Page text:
Under Quebec's Labour Standards Act, the second
Monday of October is a statutory general (and paid) holiday. This
year, Thanksgiving will be on October 12.
Here are some answers to the most frequently asked questions
about statutory general holidays.
Who is entitled to the benefit of a statutory general
All employees are entitled to the benefit of the paid holiday.
This includes employees who are not scheduled to work that day, as
well as employees who have very little seniority;
By way of exception however, an employee who is absent from
work without the employer's authorization or for no valid
reason on the working day immediately preceding or following the
statutory holiday will not be entitled to the benefit
Can the employer ask an employee to work on a statutory general
The answer is yes. In such cases the employer will have to pay
the employee, in addition to the amount of salary corresponding to
the hours worked, either the compensatory indemnity described
below, or compensatory leave of one day during the three weeks
immediately preceding or following the paid holiday.
What is the amount of the compensatory indemnity that the
employer must pay the employee?
The employer must pay the employee an indemnity equal to
1/20th of the wages earned during the four complete
weeks of pay preceding the week of the holiday, excluding
In the case of employees remunerated in whole or in part on a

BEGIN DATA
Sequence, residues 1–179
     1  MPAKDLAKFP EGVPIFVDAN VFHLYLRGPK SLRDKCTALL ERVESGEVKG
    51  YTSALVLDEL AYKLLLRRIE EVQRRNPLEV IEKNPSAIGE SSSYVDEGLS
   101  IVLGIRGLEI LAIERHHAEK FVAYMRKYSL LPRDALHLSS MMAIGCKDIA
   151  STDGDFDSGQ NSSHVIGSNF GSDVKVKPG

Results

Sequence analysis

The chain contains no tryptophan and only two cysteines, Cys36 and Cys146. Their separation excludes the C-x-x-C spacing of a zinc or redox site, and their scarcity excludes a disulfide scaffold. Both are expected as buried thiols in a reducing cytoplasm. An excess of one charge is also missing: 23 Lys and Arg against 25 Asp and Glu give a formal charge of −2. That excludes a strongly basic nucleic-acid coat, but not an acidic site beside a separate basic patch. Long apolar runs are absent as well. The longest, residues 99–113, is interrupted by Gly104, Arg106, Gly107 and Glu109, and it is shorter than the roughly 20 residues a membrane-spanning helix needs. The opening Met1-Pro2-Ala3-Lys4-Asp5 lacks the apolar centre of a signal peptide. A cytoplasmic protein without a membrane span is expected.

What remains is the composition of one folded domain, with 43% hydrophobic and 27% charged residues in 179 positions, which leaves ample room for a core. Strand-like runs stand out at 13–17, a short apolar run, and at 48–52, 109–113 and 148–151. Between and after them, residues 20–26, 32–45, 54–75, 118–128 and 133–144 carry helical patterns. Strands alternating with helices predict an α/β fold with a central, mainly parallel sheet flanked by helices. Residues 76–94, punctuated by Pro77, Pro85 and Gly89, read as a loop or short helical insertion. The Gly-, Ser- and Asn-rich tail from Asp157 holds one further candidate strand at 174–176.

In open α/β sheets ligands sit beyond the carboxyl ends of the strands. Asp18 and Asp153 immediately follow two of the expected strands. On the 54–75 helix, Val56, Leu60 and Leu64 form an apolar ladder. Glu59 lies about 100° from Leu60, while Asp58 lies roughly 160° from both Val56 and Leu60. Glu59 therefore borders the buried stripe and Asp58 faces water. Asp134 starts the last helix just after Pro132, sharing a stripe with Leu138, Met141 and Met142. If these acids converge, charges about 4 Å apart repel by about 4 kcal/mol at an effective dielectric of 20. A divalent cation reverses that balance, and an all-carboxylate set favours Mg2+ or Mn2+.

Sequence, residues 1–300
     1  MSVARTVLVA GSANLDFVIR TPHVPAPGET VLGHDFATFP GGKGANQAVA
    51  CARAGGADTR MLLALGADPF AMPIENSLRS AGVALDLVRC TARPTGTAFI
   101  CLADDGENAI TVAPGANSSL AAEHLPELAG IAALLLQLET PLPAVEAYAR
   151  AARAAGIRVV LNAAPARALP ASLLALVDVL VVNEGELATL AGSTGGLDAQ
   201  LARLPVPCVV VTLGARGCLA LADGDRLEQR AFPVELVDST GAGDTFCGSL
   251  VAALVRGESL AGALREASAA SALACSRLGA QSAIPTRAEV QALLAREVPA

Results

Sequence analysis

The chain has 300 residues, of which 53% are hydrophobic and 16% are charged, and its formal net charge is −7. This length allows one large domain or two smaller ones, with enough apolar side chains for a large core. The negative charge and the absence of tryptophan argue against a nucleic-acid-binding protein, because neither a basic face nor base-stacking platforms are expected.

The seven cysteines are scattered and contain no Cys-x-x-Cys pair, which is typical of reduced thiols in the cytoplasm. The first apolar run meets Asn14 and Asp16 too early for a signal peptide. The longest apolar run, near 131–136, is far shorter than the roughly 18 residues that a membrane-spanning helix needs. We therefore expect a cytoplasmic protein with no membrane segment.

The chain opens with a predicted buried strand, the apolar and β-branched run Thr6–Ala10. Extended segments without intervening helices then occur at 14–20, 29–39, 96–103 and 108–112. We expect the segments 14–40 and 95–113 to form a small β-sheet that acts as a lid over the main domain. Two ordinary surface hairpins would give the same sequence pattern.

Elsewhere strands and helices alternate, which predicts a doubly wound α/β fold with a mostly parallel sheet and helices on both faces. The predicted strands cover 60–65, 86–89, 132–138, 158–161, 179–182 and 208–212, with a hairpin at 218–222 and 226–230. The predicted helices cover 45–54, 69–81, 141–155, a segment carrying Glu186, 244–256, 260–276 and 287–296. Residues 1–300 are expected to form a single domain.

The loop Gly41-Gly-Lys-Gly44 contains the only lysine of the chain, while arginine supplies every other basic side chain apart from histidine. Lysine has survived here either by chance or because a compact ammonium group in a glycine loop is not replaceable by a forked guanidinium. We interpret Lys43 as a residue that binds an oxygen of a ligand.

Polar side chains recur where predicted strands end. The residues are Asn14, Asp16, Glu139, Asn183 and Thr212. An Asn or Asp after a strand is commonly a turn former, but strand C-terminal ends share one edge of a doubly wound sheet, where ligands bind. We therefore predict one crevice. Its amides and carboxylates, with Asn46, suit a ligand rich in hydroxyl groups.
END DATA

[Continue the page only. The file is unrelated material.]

commission basis, the indemnity must be equal to 1/60th
of the wages earned during the 12 complete weeks of pay preceding
the week of the holiday.
In the case of employees who are on vacation on October 12, the
employer must pay them the compensatory indemnity or grant them a
compensatory holiday of one day on a date agreed upon between the
employer and the individual employee.
The content of this article is intended to provide a general
guide to the subject matter. Specialist advice should be sought
about your specific circumstances.
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Unfortunately, reasonable accommodation for employees in the workplace continues to be the source of significant litigation and even today we continue to see outrageous examples of employers behaving badly.
We are now beginning to see reported cases involving charges and subsequent fines laid against employers for failing to provide information, instruction and supervision to protect a worker from workplace violence.
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